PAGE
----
X-MaxN is a range of advanced Silicon Drift DetectorsLaunched in August 2012, the new X-MaxN range of Silicon Drift Detector exploits a new sensor chips, new electronics, and innovative packaging to deliver a truly ‘next generation’ SDD performance.

The X-MaxN Silicon Drift Detector comes in a range of detector sizes, from 20 mm2 for microanalysis up to an astounding 150 mm2 for advanced nanoanalysis. The latter is the largest SDD in the market and delivers more than double the speed of any other detector.

Overview

  • A range of silicon drift detector sizes, from 150 mm2 to 20 mm2
  • X-MaxN provides a superb resolution that is independent of sensor size - specifications guaranteed to ISO15632:2012
  • The same mechanical geometry inside the microscope means that the count rate simply increases in proportion to sensor size
  • Excellent low energy analysis, including Be detection guaranteed on all sensor sizes
  • Fits to SEMs and FIBs using the same interface as the previous generation X-Max
  • Up to four X-MaxN can run in parallel on one microscope to create a system with a total active area of 600 mm2

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X-MaxN Features

Performance independent of size

X-MaxN comes in a range of detector sizes, 20mm2, 50mm2, 80mm2 and 150mm2 – the largest SDD in the market.

  • X-MaxN resolution and low energy detectability is independent of sensor size because of its external FET design.
  • The same sensor position means that the count rate simply increases in proportion to sensor size
  • The same outstanding resolution performance is guaranteed on all sensor sizes
  • Excellent low energy analysis, including Be detection on all sensor sizes

X-MaxN resolution does not vary with detector size

NEW With AZtecEnergy and X-MaxN, data from multiple detectors can be seamlessly combined for even greater sensitivity.

  • Increase count rate, with no loss in spatial or spectrum resolution
  • Up to four detectors on one microscope
  • Up to 600 mm2 real active area!

Benefits

  • Collect X-ray maps using only a few pA on the most unstable samples
  • Maximise information from the smallest nano-particles and features
  • Quantitative analysis with pulse pile-up correction at many 100s of thousand counts per second
  • Detect low concentrations of minor elements faster

Multiple detectors - example

X-MaxN Benefits

Using a large sensor means:

  • Productive count rates at low beam currents
  • Maximising imaging performance and accuracy
  • No need to change imaging conditions for X-ray analysis
  • Significantly higher count rates at the same beam current
  • Shorter acquisition times
  • Better statistical confidence
  • Practical analysis with small beam diameters
  • Maximising spatial resolution
  • Getting the best out of your high resolution SEM

 

Size matters, sensitivity counts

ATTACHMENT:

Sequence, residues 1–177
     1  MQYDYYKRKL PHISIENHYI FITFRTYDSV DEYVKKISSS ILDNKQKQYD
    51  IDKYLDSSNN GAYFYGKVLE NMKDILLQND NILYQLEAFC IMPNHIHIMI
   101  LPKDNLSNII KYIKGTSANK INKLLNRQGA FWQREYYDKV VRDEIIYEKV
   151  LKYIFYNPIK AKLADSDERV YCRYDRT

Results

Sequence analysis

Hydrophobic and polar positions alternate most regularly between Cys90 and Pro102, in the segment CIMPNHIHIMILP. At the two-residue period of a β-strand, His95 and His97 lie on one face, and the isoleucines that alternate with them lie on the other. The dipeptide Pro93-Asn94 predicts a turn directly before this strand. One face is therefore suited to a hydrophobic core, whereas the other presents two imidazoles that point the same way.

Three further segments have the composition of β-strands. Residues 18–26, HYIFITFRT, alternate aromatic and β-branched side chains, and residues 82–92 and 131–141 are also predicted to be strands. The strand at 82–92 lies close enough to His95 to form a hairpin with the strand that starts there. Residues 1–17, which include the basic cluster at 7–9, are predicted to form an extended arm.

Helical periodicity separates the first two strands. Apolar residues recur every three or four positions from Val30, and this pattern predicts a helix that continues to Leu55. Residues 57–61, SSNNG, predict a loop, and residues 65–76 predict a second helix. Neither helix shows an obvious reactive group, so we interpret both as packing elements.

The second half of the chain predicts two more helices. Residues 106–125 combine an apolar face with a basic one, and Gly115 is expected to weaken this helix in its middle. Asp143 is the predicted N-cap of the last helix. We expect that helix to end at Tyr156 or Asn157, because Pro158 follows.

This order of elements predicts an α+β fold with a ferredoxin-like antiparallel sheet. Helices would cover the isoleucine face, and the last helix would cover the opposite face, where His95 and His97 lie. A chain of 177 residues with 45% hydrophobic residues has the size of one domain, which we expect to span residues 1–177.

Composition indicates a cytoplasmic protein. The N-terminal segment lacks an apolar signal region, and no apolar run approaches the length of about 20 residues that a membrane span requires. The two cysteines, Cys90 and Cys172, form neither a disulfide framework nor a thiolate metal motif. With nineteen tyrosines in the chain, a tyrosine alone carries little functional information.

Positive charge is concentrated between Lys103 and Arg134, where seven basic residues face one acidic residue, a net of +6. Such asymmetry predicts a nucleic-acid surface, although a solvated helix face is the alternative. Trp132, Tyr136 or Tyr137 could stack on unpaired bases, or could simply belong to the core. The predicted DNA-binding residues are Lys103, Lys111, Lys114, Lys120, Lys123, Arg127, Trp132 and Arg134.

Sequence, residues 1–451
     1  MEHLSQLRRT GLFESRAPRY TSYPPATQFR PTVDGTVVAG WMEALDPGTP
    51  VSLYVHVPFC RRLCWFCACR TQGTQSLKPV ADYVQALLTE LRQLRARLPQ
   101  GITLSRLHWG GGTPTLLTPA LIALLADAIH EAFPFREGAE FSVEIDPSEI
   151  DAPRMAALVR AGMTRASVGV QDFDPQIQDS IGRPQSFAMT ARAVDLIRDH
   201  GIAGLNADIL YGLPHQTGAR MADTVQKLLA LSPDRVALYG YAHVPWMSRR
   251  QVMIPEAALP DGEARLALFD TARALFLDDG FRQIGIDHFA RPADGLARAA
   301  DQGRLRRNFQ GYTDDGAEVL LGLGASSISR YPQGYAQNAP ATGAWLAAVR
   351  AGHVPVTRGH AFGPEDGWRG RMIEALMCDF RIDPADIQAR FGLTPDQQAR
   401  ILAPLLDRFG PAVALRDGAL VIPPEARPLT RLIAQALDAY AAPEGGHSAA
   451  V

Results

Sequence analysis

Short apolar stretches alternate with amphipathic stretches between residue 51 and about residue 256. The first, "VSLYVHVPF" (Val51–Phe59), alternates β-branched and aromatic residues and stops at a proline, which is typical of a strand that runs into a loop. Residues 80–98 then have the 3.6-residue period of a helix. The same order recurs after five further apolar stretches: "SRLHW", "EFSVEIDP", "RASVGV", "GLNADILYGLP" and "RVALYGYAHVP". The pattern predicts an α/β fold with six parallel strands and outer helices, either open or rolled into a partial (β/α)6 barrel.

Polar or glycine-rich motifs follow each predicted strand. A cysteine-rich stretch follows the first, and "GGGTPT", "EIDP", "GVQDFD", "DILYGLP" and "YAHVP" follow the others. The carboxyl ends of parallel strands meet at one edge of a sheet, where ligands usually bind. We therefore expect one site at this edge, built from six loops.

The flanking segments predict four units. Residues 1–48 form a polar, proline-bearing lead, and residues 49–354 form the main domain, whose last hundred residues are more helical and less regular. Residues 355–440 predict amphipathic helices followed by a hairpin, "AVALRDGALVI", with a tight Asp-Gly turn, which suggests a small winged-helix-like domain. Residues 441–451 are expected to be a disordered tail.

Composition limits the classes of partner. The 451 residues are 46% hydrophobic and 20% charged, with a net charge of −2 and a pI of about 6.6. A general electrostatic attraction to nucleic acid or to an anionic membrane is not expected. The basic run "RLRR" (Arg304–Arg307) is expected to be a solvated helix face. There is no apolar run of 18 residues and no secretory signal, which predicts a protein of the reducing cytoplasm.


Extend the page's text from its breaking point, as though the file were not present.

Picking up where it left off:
Under the same operating conditions, bigger detectors:

  • Will do in seconds what used to take minutes – mapping can be an everyday tool
  • Will dramatically improve precision for the same acquisition time

Large Area detectors – high-speed microanalysis is routine for all.

 

Low energy spectra easily identifiedLow energy matters, sensitivity counts

X-MaxN is optimised for low energy performance – no compromise on size. Nothing else comes close.

  • Be detection guaranteed on all detectors, Si Ll can be mapped

Very Large Area detectors – low energy analysis is practical for all.


Size matters, spatial resolution counts

High spatial resolution conditions give low X-ray yield.

  • Large area detectors collect high quality low energy spectra in practical time scales
  • Nanoscale features can be better characterised

Very Large Area detectors – advanced nanoanalysis is possible for all.

Why size matters

What does a 150 mm2 detector do better than a smaller detector?

Take an example. At 20 kV a 150 mm2 detector requires less than 2 nA to generate 200,000 counts per second. In contrast, a 10 mm2 detector requires nearly 20 nA

The graph below shows typical count rate at different beam currents, when analysing Pure-Mn at 20 kV using a detector with 30° take off angle and 45 mm sample to crystal distance. Using a larger sensor, count rates are increased without increasing beam current. This means productive count rates are achieved under conditions where spatial resolution is maximised and beam damage minimised. The images to the left show the potential effects of increasing beam current on image quality.

 

Click the images to expand.

 

 

 

 

 

 

 

 

 

 

 

 

The effect of beam current on nanoscale analytical capability

When using smaller detectors, the high beam current required to achieve usable count rate leads to poor spatial resolution. The X-MaxN 150 Very Large Area detector acquires high count rates at excellent spatial resolution, for successful analysis of the smallest nanostructures.

 

 

 

 



Right: X-ray mapping of fragile nanostructures at 5 kV. For the same count rate, a 150 mm2 detector requires much lower beam current, meaning that the spatial resolution is good enough to clearly show nanoscale variations and minimise specimen damage. In contrast, higher beam current required for 10 mm2 results in loss of nanoscale resolution and significant damage during the map collection.

 

 

 

 

 

 

 

 

 

Why size matters (3)

 

 

 

Right: X-ray maps collected at 0.2 nA, 3 kV using 150 mm2 X-MaxN detector to investigate nanostructures in a memory alloy. Variations in Fe La, Ni La and Cu La clearly demonstrate chemical differences on a scale down to at least 20 nm.

 

 

 

 

 

 

 

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